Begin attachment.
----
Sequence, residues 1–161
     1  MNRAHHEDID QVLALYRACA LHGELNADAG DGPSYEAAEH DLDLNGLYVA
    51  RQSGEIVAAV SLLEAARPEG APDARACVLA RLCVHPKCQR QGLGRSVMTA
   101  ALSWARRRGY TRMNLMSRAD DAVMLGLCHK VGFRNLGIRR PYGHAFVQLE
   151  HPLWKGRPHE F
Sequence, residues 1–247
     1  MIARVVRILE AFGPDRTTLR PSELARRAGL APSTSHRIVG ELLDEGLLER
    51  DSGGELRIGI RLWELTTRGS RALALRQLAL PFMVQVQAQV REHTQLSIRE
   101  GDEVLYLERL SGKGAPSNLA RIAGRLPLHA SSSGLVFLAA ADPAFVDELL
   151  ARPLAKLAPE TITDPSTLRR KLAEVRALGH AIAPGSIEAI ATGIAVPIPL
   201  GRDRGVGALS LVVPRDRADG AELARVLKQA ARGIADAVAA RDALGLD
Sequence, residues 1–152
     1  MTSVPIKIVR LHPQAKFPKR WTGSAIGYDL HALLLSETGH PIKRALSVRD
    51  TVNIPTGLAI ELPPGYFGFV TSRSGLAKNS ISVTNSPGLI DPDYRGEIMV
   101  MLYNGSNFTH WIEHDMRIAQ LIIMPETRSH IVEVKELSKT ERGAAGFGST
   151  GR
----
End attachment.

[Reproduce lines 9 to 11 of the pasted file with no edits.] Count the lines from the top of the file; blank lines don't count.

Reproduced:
   101  GDEVLYLERL SGKGAPSNLA RIAGRLPLHA SSSGLVFLAA ADPAFVDELL
   151  ARPLAKLAPE TITDPSTLRR KLAEVRALGH AIAPGSIEAI ATGIAVPIPL
   201  GRDRGVGALS LVVPRDRADG AELARVLKQA ARGIADAVAA RDALGLD